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Stop Crying Over Feedstock Supplies – Take a Tissue
Posted on March 7th, 2016 by Ken Klapproth in Chemical Manufacturing ExcellenceWith all the recent issues issues in the oil markets from foreign exchange factors to uncertain demand growth and the return of Iran to the global market, are there lessons learned from manufacturers of other products – such as facial tissues – that chemicals companies can apply to improve certainty in their feedstock supply chain?
All industries today rely on an ever connected supply chain increasingly spread geographically. This not only puts downward pressure on gross margins, but increases risk as measured by metrics such as dropping Days of Inventory and Days of Working Capital. News such as China cutting steel production and Tata announcing job cuts published recently on IndustryWeek, have wide reaching impact on supply chains even outside the steel industry. Shifts to specialty chemicals within the industry and innovations in cheap catalysts likewise impact supply chains.
Being an engineer, my mind quickly shifted to problem solving mode while reading these stories. Assessing “root cause”, the question struck me on whether there were any cross industry lessons learned or best practices that could be applied? As luck would have it, the oracle of our time – the Internet – once again delivered with an IndustryWeek article on the “Top 25 Supply Chains of 2015” detailing the annual survey compiled by analyst firm Gartner Inc. While some of the companies made the list due to practices involving retail supply chains, some practices certainly warrant consideration:
- Toyota’s cloud based customer service model. Could the “logistics control tower” concept be used to reduce disruptions in feedstock supply chains?
- Cummin’s Six Sigma process. Would their inventory quality ratio prove effective at managing coverage across feedstock production portfolios?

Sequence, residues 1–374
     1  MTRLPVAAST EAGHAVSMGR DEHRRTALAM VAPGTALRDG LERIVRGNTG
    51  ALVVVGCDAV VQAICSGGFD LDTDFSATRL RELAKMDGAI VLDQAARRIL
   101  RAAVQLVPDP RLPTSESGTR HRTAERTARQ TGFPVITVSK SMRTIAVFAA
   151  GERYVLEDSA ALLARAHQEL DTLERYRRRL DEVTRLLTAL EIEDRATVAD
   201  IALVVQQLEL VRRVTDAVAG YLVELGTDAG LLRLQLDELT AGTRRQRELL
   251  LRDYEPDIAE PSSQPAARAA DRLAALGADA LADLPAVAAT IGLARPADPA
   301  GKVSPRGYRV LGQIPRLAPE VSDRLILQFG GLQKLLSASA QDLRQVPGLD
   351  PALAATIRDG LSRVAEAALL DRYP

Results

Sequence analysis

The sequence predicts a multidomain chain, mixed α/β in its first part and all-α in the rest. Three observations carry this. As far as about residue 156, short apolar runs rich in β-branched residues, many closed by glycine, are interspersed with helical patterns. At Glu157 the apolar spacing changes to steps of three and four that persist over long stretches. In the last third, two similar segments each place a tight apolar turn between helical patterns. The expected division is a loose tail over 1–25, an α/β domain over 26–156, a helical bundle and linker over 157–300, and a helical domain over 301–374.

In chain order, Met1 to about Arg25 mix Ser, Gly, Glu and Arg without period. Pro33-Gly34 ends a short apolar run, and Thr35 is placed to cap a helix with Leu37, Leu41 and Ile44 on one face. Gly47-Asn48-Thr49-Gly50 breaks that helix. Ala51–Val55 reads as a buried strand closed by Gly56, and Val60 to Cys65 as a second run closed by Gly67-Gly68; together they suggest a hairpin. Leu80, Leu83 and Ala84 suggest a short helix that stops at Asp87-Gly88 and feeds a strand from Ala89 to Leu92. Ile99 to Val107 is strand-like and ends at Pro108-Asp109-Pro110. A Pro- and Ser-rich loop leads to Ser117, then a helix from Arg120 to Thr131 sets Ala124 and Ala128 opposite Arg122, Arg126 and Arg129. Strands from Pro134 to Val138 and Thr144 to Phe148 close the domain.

- L’Oréal’s collaborative supplier platform. Would sharing weekly demand forecasts and consumption requirements work for feedstock supplies as well as lipstick?
- Kimberly-Clark’s sustainability efforts. Would sharing value back to your suppliers encourage adoption of efficiency standards improve customer standing?
Inspiration sometimes comes from unusual places – you just have to be open to reception. While it is true that keeping retail products on the shelf is not the same as managing throughput of a manufacturing process, thinking about your challenges in a new way could be enlightening and entertaining. For example, spend the next 4 minutes of your life with the folks from the ASU W. P. Carey School of Business manufacturing a hamburger:
How has your supply chain been impacted by recent changes in the global economy? Tell us about your quest for unconventional knowledge and what it could mean for the future. Share your thoughts in the comments section below and don’t forget to follow us on your favorite social media channel.
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